Something I have concrete plans to cook in the near future: I've got chickpeas in the slow cooker, some to become hummus and some to be frozen for future use as who knows what? And later today I'm going to cook Amalfi-style zucchini/courgettes based on Marcella Hazan's recipe. It's basically fried zucchini dressed with garlic, wine vinegar, and mint. Hazan's recipe calls for the zucchini slices to almost deep-fry in a lot of oil, but I'm going to saute them in olive oil instead, because I have never had a good experience deep-frying at home and anyway I feel, with apologies to the doyenne of Italian cooking for Anglophone audiences, that they'll taste better that way.

I also have a hami melon I bought on sale. Depending on how it tastes I may eat it plain or dress it up a bit with lime juice, honey, and yet more mint. Actually the dressed-up option is extremely tempting regardless, because I recently bought some Turkish honey from Trader Joe's and it is so good that I went back and bought a second bottle just in case TJ's suddenly stops carrying it, as is their wont with many of my favorite products.


Something I vaguely plan to cook someday: I have no immediate plans to bake, because my freezer is still crammed with rhubarb coffee cake, orange and almond polenta cake, and half a recipe of uncooked dough for digestive biscuits. And yet I am longing to bake J. Kenji Lopez-Alt's Best Chocolate Chip Cookies, and now-ish is the time to do it so I can use up my chocolate before the weather gets too hot. Otherwise I seem to have switched into summer eating mode. I've got little multicolored tomatoes that aren't bad for out of season, and some ricotta to eat them with, and various salady things, and tons of pasta because whenever I see decent pasta on sale I buy multiple packages. I still have a piece of Spanish-style chorizo to use in something, and some calf's liver in the freezer, and chicken bones that should go into stock, and etc. etc. I want to try as much as possible to just do vegetables + pantry and freezer supplies for a while.

I would quite like to eat some Indian food, but cooking it is so labor-intensive that I don't know if a mere craving is sufficient motivation. Hopefully one of these days I'll have a weekend where I want to cook elaborate things, as opposed to one where I want to cook easy things and then watch cooking shows on Netflix and YouTube.
kindkit: A late-Victorian futuristic zeppelin. (Default)
It's a little embarrassing when you hear a great song on the radio, and you google the lyrics as soon as you get home so you can find out what it was, and it turns out to have been released thirty years ago. And apparently was a big hit at the time.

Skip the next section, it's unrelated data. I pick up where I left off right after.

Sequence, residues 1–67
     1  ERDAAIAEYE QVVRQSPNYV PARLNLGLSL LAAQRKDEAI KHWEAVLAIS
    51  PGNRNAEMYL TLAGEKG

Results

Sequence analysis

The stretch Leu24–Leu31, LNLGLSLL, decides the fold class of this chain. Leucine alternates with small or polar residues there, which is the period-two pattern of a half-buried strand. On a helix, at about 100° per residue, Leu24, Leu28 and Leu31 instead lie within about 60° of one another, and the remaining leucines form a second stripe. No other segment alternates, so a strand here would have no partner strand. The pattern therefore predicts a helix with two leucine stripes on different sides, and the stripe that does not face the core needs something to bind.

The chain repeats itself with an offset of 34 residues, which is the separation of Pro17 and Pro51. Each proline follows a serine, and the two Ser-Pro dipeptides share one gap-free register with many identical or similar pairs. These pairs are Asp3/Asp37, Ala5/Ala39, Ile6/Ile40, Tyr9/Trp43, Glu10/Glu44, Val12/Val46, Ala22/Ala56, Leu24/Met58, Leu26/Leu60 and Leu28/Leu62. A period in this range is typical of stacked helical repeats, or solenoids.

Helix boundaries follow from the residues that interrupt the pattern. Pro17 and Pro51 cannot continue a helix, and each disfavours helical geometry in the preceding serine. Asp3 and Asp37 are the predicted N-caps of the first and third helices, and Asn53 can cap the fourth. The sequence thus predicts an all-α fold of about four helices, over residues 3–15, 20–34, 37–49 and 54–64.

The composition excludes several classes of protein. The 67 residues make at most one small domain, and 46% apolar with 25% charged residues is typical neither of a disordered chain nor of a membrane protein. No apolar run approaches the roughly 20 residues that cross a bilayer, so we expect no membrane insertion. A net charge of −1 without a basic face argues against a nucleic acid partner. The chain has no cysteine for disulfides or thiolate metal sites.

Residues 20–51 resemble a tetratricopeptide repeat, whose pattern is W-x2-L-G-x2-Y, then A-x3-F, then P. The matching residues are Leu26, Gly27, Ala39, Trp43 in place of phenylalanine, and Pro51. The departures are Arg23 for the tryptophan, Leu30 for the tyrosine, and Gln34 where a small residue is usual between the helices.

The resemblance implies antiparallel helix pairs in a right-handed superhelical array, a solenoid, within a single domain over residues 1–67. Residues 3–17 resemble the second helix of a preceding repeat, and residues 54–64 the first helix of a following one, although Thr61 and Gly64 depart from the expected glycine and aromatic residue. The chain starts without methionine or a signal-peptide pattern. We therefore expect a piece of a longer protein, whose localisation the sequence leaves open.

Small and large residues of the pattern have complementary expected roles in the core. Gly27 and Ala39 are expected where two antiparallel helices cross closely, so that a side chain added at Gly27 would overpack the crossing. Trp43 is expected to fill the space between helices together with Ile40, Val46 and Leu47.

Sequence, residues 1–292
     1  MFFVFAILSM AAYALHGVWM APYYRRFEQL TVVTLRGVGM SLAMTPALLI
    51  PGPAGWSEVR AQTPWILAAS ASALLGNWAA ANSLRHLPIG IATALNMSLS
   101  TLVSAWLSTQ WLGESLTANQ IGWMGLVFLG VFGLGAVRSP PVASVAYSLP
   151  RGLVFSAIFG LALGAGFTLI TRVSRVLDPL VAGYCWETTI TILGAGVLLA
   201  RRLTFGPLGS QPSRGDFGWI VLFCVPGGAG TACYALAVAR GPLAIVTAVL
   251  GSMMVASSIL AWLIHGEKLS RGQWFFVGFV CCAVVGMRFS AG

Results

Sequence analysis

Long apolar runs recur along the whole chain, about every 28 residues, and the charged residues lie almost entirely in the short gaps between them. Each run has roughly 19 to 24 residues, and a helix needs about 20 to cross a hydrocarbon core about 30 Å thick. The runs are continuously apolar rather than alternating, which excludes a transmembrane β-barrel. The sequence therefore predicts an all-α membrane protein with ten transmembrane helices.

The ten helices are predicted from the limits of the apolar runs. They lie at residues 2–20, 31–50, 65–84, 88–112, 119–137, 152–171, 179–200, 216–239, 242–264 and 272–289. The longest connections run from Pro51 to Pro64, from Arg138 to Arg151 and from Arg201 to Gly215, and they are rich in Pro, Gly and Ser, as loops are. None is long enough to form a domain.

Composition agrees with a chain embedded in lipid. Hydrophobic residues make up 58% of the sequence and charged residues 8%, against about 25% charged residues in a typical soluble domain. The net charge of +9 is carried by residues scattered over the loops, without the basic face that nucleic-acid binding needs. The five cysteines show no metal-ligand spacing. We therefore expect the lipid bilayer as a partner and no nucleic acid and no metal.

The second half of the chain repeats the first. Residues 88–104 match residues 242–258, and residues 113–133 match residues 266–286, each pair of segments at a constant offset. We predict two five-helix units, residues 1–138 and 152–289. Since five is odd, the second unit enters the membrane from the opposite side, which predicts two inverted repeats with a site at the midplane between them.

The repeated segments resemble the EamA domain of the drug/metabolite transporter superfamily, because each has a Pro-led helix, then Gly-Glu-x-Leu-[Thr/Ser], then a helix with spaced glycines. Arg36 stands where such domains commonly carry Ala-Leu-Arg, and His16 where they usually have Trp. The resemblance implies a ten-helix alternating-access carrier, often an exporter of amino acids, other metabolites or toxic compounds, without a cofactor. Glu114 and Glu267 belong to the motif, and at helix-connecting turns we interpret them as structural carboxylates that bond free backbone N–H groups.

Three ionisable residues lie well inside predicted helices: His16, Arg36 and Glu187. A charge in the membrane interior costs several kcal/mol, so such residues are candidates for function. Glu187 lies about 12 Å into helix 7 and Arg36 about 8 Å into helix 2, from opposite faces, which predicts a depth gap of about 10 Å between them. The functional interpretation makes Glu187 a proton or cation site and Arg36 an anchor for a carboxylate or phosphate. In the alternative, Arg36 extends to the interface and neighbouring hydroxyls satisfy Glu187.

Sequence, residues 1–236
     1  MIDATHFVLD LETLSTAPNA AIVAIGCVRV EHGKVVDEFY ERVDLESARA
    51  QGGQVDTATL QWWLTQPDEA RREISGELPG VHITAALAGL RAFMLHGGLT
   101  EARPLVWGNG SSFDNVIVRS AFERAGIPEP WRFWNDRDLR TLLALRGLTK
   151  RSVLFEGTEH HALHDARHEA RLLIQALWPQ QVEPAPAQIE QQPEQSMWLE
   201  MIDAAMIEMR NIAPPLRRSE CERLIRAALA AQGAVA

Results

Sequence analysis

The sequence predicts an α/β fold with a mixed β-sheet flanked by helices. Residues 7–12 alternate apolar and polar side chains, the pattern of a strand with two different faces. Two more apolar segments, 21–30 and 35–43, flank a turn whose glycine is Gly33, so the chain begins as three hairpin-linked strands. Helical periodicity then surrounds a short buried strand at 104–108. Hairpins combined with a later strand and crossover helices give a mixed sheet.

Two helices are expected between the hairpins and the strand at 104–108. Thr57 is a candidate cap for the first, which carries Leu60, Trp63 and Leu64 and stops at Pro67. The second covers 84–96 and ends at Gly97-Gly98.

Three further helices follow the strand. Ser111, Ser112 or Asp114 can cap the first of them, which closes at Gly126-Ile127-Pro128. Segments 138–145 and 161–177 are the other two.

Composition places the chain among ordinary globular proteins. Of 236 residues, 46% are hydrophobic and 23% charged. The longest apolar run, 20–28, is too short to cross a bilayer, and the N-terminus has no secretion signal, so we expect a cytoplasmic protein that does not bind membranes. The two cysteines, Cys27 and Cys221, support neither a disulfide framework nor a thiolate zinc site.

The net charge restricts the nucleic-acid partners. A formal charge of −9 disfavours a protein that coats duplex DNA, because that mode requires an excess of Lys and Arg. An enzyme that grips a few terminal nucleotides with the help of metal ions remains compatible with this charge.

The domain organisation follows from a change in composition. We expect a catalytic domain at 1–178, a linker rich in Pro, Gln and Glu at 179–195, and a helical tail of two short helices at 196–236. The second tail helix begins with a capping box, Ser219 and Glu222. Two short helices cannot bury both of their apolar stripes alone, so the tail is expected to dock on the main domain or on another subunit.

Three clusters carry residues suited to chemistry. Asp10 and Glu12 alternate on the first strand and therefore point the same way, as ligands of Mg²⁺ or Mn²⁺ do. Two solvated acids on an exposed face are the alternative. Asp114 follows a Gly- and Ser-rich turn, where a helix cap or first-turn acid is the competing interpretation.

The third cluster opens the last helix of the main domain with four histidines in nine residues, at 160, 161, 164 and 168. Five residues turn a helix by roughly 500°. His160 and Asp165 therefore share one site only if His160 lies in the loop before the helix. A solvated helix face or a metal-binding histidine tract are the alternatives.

Ah, well, it's new to me?



kindkit: Two naked men having sex in the grass (Fandomless: Men in a field)
I just watched American Gods 1x03, and I would like to report that not spoilery for anything plot related )
kindkit: Two cups of green tea. (Fandomless: Green tea)
Something I've cooked recently: The digestive biscuits I baked last Sunday turned out well, despite my having to substitute rolled oats (porridge oats) for the medium oats called for, because medium oats are not to be found in the US or at least not by me. I think the biscuits are a bit too sweet to eat with cheese as F-W suggests, but they're tasty with Nutella on top (what wouldn't be?) and best, in my opinion, eaten plain with a cup of milky spiced chai.

I decided to start a second batch of pickled cherries, because I made the first batch using the last of a bottle of unfiltered cider vinegar, and while the pickling liquid tastes fine it looks rather murky. So I bought more cherries, and since the supermarket only sells them in big bags I had the perfect amount left over to make a clafoutis this morning. I make clafoutis fairly regularly (meaning, once or twice a year) but I think this is the first time I've actually made the traditional version, with cherries. The cherries in a classic clafoutis are not pitted, which suited me fine as I don't have a pitter and am much too lazy to do it by hand. It does make me wonder how the French handle the etiquette of spitting out the cherry pits.

A few days ago I got a sudden, tremendous craving for red meat, and the universe obliged me by letting me find an enormous two-inch-thick rib steak at the supermarket, heavily discounted as it was near its sell-by date. I've often had trouble cooking steak correctly, for some reason, but I seared it in a very hot pan for two minutes per side, then finished it in a moderate oven, and it was perfect. I used some of the leftovers in a steak sandwich the next day, will add the rest of the meat to a salad today with romaine lettuce and blue cheese, and the bone is in my freezer awaiting the next time I make stock. It's probably ridiculous to even mention cooking something as simple as a steak, but I'm really pleased that I managed to get it a lovely pink all the way through, right on the cusp between rare and medium rare, neither raw in the middle nor (to my taste) overdone. It's clearly the thickness of the steak that makes the difference; it's hard to find thick steaks without paying top dollar, but I'll keep an eye out for them from now on.